During sprint planning, it’s easy to consider the user stories added to the sprint, but that’s not all you have to do regarding test during a sprint. Therefore, I’ll add five user stories that always need to be considered and plan for those as well.
The five topics are:
- Whole-delivery testing
- Regression testing
- Non-functional testing
- Testing due to changes in an adjoining system
- Testing together with other teams
You could name the topics in another way and it may be that you need more. Just change it to suit your needs.
In every sprint, we have several user stories that must be tested. Each one of them can be seen as an island. To be sure that our delivery meets the needs, we must traverse the ocean while visiting the different islands.
You can also see each user story as an activity in a larger process. We need to make sure the whole process works. (Of course, you can’t make sure anything works. You try to find all ways that it doesn’t.)
Under the whole-delivery user story, we’ll add all tests that cover more than one user story. There is usually a lot of tests.
There isn’t time to do all regression tests you want to during a sprint and often you have some automated regression tests that run after each build. Anyway, we look at the user stories included in the sprint and discuss what already existing functionality could be affected by these changes. Of these suggestions, we choose the critical ones not covered by an automated test case.
Some include the non-functional testing in the “whole-delivery testing” as well. I usually handle it separately because of two reasons:
- I find that it’s easy to overlook the non-functional testing then looking at the whole-delivery testing. Therefore, I find it beneficial to focus just on the non-functional aspects.
- There are often other competencies needed to perform the non-functional testing. Therefore, I find it easier to handle them under a different user story.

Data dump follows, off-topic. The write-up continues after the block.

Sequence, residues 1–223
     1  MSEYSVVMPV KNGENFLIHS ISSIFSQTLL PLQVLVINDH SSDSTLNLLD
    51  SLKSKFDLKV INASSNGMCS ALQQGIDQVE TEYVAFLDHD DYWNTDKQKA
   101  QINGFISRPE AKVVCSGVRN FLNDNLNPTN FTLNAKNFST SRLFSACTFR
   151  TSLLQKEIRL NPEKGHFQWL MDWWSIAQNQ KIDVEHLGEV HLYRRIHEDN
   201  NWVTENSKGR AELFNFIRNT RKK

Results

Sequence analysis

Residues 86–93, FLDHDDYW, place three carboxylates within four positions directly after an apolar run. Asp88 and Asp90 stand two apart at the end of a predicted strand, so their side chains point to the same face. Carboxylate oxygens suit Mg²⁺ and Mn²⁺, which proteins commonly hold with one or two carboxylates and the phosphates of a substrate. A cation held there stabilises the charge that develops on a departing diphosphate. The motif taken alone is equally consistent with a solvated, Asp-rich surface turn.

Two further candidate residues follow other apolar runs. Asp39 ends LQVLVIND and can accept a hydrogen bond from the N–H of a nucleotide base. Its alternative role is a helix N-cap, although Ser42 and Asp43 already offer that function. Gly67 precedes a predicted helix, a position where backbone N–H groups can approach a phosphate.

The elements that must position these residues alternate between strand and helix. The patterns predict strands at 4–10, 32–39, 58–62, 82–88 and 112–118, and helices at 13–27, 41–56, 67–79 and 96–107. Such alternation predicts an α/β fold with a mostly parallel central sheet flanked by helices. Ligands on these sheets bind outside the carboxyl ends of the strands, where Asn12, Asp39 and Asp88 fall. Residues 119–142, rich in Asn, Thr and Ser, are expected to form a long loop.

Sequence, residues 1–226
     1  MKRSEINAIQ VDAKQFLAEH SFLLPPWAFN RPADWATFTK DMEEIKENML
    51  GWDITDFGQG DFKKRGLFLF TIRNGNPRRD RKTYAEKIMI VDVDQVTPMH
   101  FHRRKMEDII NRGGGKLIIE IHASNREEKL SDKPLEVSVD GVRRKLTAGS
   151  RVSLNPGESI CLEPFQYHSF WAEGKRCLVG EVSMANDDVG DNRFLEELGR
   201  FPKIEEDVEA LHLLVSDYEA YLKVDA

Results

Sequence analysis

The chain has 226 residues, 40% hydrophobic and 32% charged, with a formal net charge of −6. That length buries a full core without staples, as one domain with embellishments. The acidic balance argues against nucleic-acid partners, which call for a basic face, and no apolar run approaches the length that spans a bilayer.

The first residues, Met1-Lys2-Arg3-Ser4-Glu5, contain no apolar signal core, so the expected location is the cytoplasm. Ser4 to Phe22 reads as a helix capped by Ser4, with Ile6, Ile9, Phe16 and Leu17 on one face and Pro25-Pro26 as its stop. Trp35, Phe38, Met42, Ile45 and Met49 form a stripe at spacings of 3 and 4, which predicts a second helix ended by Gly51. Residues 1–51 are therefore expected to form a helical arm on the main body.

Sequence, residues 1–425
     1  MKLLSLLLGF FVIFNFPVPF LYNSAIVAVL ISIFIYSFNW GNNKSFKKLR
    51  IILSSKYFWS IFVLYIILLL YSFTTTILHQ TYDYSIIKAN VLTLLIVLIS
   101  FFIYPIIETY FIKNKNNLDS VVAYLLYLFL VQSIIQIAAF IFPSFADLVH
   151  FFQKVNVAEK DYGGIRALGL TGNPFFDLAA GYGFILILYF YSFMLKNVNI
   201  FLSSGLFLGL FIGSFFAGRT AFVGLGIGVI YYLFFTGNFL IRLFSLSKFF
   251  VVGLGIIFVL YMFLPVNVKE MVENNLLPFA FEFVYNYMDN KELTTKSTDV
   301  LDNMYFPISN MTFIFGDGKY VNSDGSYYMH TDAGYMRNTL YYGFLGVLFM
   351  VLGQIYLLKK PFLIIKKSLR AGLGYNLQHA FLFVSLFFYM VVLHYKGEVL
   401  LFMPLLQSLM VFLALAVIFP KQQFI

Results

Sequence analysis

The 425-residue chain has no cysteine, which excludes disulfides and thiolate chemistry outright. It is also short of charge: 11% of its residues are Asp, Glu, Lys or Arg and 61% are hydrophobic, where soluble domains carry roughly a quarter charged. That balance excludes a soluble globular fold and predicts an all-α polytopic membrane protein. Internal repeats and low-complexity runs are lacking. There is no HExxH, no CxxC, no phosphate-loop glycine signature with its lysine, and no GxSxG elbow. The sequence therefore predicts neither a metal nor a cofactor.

I usually use a list of non-functional characteristics, for instance from ISO25010:
We discuss each characteristic and what tests need to be done because of the changes in the system. For instance, if we’re changing a part of the system that handles high load or introducing the possibility of a higher load, we add specific performance test cases to our sprint. Of course, it can be hard to determine what changes need to be done because of our user stories. This means that we sometimes add more tests during the sprint that we didn’t realize during the sprint planning.
Testing due to changes in an adjoining system
Most systems today have a lot of system dependencies. This means that if we make changes to our system that will influence those depending on us, we need to inform them. It also means that we need to assess each change to an adjoining system and determine what tests we need to do due to those changes.
Testing together with other teams
With all the system dependencies, there is a lot of testing that needs to be done together with other teams. This can be end-to-end testing, integration testing, performance testing, confirmation testing (i.e. testing to see if a specific problem has been corrected) and more. Often, we have discussed with the other teams what tests need to be done before the sprint planning and those form the basis. But there are often some aspects of the user stories included in the sprint that we’re not aware of before the sprint planning. Therefore, we often add new test cases during sprint planning and discuss them with the other teams afterward.
The five topics that I use during sprint planning are of course just examples. You may need other topics or want to divide them differently. All teams I’ve worked with have needed more than just the user stories included in the sprint. Don’t miss those test cases during the sprint planning.